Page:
Personal factors

Several individual factors were described as determinants of vegetable intake among adolescents from socioeconomically disadvantaged backgrounds. Considering knowledge about the health effects of vegetables, US participants’ deemed vegetables as healthy foods that should be often consumed as part of a healthy diet [41, 43, 45, 51]. Although the young people in the study from Northern Ireland [49] had very limited knowledge about concepts of healthy eating, they recognized vegetables as an important part of healthy eating. Participants were also aware of the effects that vegetables have on health in two US studies [41, 45], one of them carried out among a Hmong population [45]. In this study by Pham et al. [45], both adolescents and adults noted the importance of consuming vegetables to prevent future diseases such as obesity, diabetes and cardiovascular diseases. On the other hand, in another US study [43] conducted among Asian-American adolescents and parents, which also included Hmong people, participants had limited knowledge on the health benefits of eating vegetables. In addition, two studies found that adolescents’ knowledge about types of vegetables was limited as they could not distinguish between either fruits and vegetables [39] or different types of vegetables in a salad [45]. Lack of knowledge on the recommended intakes of vegetables was also described in the study targeting Asian-American participants [43]. Likewise, Hmong parents did not know the definition of a serving of vegetables, however, their adolescent children reported being familiar with vegetable servings [45]. Individual preferences and (dis)liking of vegetables also emerged as relevant determinants. In three studies, two from the US [39, 51] and one from Greece [48], young people reported a dislike for vegetables which limited their intakes, whereas other US adolescents described a liking for vegetables [44] and listed many types of vegetables they consumed [44, 45]. Adolescents’ preferences in general [51] or preferences for some specific types of foods, i.e., unhealthy foods, as opposed to vegetables [37, 41] or specific vegetables [45] had an influence on the amount of vegetables consumed. Preparation methods and adolescents’ preferences for some methods over others were also described to influence adolescents’ vegetable intake. Adolescents from both Australia [52] and the US [37] emphasized the need to cook or prepare vegetables in certain ways to make them more appealing. For instance, vegetables could be served with dip or with cheese sauce or could be stir-fried or hidden in a stew. In fact, hiding vegetables in other preparations such as in stews or in meatballs was a common technique that was suggested by both Australian adolescents [52] and Greek parents [48]. Two other psychosocial factors that emerged in only one study that applied the Social Cognitive Theory as framework were self-efficacy and outcome expectancies as adolescents expressed their willingness and that of their friends to eat healthy foods, including vegetables, and their motivation to eat vegetables to prevent suffering from obesity, diabetes and heart disease [47]. Lack of motivation or of interest were also reported as barriers to vegetable intake in two studies involving young adolescents from the US [51] and from Northern Ireland [49].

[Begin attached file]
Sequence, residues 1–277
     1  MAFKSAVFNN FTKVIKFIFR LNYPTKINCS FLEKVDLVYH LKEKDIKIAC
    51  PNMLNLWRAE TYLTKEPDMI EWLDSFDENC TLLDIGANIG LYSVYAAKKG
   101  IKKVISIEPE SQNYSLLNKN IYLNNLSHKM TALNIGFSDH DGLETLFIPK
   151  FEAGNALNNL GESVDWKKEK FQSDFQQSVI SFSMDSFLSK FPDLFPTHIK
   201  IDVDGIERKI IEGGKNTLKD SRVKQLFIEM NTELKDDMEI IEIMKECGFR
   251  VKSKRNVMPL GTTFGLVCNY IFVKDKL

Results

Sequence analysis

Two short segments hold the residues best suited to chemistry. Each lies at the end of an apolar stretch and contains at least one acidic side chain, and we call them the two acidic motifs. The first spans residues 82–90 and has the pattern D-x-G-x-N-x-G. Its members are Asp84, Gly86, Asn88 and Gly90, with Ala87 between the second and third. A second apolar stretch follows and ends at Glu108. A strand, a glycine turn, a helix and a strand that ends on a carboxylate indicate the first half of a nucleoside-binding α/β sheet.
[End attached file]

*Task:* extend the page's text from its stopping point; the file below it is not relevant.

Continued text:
Other personal factors were reported in the studies. In the study by Pham et al. [45], adolescents said that they would eat more vegetables if they could do it while watching television or eating with friends. This reasoning was not further explored by the study researchers, and it is unclear why these two practices did not seem compatible with vegetable intake for these adolescents. Individual lifestyle factors reported to influence vegetable intake in studies in this review were price, convenience and time. Participants from the US [43, 45], Northern Ireland [49] and New Zealand [38] perceived vegetables as costly food items which, together with the lack of money experienced by these disadvantaged populations, represented a barrier to consumption. In addition to money-related issues, lack of time to buy and prepare vegetables [45], as well as their lack of convenience [37, 44, 52], also emerged as determinants of intake. Australian adolescents noted that if ready-to-eat vegetables were easily available and if they were easier and faster to prepare, they would eat them more often [52].

Vegetables versus fast food & other substances

Adolescents in five studies described their preferences for fast food as opposed to vegetables. One of the factors discussed was taste. US adolescents expressed how difficult it was for them to eat healthy foods, including vegetables, due to the fact that, for them, junk food tasted much better [37]. This same group of adolescents also discussed cost as an issue limiting their vegetable intake. They said that they preferred fast food because it was cheaper and they could satisfy hunger with less money than if they had to buy more healthful foods, such as salads, which they reported to be more expensive [37]. Similarly, both US [51] and Northern Irish [49] adolescents also perceived the cost barrier of vegetables as compared to apparently less costly items such as unhealthy foods [49, 51], or drugs [49]. In addition, two studies [38, 52] highlighted the phenomenon that fast food was displacing the intake of other healthier food items such as vegetables due to the availability of fast-food outlets in the community.